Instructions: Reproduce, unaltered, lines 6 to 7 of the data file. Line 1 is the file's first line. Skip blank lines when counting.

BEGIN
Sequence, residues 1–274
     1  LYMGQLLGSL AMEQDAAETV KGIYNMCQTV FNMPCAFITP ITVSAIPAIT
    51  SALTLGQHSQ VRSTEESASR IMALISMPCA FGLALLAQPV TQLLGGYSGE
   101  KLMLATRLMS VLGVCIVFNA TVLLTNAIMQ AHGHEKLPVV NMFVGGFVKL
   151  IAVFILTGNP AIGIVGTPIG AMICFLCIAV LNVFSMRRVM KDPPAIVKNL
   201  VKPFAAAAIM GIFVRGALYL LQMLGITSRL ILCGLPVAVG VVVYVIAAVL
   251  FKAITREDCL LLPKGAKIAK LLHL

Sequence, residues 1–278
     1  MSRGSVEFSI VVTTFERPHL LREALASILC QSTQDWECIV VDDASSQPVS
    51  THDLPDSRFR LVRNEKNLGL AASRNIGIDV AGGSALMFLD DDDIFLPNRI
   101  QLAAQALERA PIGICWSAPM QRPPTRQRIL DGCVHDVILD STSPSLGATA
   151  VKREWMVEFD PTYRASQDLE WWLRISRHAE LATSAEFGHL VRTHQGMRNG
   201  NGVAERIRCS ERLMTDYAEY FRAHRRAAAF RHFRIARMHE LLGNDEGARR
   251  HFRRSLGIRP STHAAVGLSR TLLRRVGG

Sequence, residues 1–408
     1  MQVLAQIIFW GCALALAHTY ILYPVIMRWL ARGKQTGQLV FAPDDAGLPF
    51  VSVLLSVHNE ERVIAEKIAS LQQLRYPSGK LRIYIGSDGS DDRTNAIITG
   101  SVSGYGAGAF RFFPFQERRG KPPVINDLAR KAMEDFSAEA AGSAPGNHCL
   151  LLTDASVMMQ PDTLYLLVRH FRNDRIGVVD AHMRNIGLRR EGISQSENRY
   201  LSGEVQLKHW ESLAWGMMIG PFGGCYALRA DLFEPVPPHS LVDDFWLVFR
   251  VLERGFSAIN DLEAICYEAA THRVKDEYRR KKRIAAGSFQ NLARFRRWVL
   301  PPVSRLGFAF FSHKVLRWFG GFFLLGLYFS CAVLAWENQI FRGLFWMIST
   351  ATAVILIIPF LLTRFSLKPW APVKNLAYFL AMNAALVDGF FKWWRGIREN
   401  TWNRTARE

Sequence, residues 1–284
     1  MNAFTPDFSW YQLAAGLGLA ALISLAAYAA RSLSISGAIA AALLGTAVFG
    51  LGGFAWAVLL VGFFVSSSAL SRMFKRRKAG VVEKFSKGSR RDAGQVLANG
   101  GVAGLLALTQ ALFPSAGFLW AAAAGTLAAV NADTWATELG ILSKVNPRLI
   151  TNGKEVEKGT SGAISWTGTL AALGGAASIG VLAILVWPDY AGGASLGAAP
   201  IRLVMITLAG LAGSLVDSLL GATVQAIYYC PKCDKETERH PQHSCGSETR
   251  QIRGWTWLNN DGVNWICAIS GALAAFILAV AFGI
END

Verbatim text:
   201  VKPFAAAAIM GIFVRGALYL LQMLGITSRL ILCGLPVAVG VVVYVIAAVL
   251  FKAITREDCL LLPKGAKIAK LLHL